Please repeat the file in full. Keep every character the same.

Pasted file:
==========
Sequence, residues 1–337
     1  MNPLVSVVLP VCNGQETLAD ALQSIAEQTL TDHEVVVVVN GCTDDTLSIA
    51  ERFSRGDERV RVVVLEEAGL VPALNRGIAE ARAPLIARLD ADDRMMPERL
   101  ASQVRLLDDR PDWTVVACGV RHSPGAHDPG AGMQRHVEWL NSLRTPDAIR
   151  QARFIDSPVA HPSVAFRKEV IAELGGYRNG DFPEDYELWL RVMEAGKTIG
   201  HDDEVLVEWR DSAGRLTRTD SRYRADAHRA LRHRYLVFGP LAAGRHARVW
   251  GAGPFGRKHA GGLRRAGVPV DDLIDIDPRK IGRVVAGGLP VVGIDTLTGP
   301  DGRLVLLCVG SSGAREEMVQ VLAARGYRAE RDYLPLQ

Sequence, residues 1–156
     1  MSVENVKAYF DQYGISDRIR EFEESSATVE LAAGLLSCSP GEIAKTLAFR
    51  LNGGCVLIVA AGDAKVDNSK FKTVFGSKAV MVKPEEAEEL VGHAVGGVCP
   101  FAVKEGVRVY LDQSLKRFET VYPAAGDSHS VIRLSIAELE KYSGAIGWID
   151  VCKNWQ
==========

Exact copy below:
Sequence, residues 1–337
     1  MNPLVSVVLP VCNGQETLAD ALQSIAEQTL TDHEVVVVVN GCTDDTLSIA
    51  ERFSRGDERV RVVVLEEAGL VPALNRGIAE ARAPLIARLD ADDRMMPERL
   101  ASQVRLLDDR PDWTVVACGV RHSPGAHDPG AGMQRHVEWL NSLRTPDAIR
   151  QARFIDSPVA HPSVAFRKEV IAELGGYRNG DFPEDYELWL RVMEAGKTIG
   201  HDDEVLVEWR DSAGRLTRTD SRYRADAHRA LRHRYLVFGP LAAGRHARVW
   251  GAGPFGRKHA GGLRRAGVPV DDLIDIDPRK IGRVVAGGLP VVGIDTLTGP
   301  DGRLVLLCVG SSGAREEMVQ VLAARGYRAE RDYLPLQ

Sequence, residues 1–156
     1  MSVENVKAYF DQYGISDRIR EFEESSATVE LAAGLLSCSP GEIAKTLAFR
    51  LNGGCVLIVA AGDAKVDNSK FKTVFGSKAV MVKPEEAEEL VGHAVGGVCP
   101  FAVKEGVRVY LDQSLKRFET VYPAAGDSHS VIRLSIAELE KYSGAIGWID
   151  VCKNWQ